• Emerging markets set to benefit
    Emerging markets are likely to be key beneficiaries of market stabilisation, standardisation and renewed growth of the impact bond market owing to the range of environmental and social investment needs in such markets, and key sovereign issuers such as India are expected to issue green bonds in 2023.
Impact bonds may be moving towards a two-tier market in terms of frameworks

Our in-house assessment of impact bonds shows that while the share of such instruments receiving a ‘dark green’ best-in-class rating has fallen in recent years, alongside an increase in ‘red’ ratings, the share of ‘light green’ ratings that meet our sustainability and disclosure requirements for such instruments has remained stable. This is despite a sharp increase in the variety of issuers bringing such instruments to market in recent years, across diverse sectors, geographies and sizes. Demand for green bonds has remained strong for many investors, but there are signs the market may be moving toward a two-tier system, with rising demand for frameworks meeting the highest standards of reporting and disclosure among some and demand for lower-cost, more limited frameworks among other investors.

Figure 2: Insight’s ratings of impact bonds show a fall in ‘best-in-class’

Source: Insight Investment, 31 December 2022.

Demand is likely to focus on use-of-proceeds bonds rather than sustainability-linked debt

The push towards greater transparency and standardisation should be supportive of use-of-proceeds structures (such as green bonds) at the expense of more flexible structures such as sustainability-linked bonds. The past year saw a fall in the popularity of sustainability-linked bonds, particularly among financial institutions, where their variable coupon structure is at odds with regulatory capital requirements in many jurisdictions. More broadly, there is growing concern around the underlying integrity of ESG outcomes from such instruments, particularly given typical incentives for meeting key performance indicator targets under such structures.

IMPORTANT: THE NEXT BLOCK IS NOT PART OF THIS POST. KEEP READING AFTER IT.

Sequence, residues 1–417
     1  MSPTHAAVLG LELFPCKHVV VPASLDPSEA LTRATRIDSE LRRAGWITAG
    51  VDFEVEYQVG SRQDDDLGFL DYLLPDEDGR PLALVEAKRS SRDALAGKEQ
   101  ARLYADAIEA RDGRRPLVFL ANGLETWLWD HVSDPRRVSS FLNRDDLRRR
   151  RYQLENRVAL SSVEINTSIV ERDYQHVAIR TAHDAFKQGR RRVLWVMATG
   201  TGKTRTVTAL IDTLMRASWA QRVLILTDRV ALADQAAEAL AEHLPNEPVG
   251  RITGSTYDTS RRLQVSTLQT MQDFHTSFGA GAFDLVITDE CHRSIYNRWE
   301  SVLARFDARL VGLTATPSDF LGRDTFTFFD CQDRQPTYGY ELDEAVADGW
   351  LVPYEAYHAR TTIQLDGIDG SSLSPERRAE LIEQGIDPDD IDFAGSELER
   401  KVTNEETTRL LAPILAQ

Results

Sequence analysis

The use of sustainability-linked bonds for general use of proceeds appears to be increasingly at odds with investor and regulatory expectations for greater clarity and consistency of allocation of proceeds to environmental and social outcomes. Nonetheless, we believe these instruments will still have a key role to play in channelling transition finance to ‘high impact’ activities that may be less suited to use of proceeds structures. We expect growth in issuance among some corporate sectors alongside a similar push for standardisation and transparency from market participants and regulators.

The value of investments can fall. Investors may not get back the amount invested.

1 Investment Managers are appointed by BNY Mellon Investment Management EMEA Limited (BNYMIM EMEA), BNY Mellon Fund Management (Luxembourg) S.A. (BNY MFML) or affiliated fund operating companies to undertake portfolio management activities in relation to contracts for products and services entered into by clients with BNYMIM EMEA, BNY MFML or the BNY Mellon funds.

2 Source: Bloomberg. As at 31 December 2021.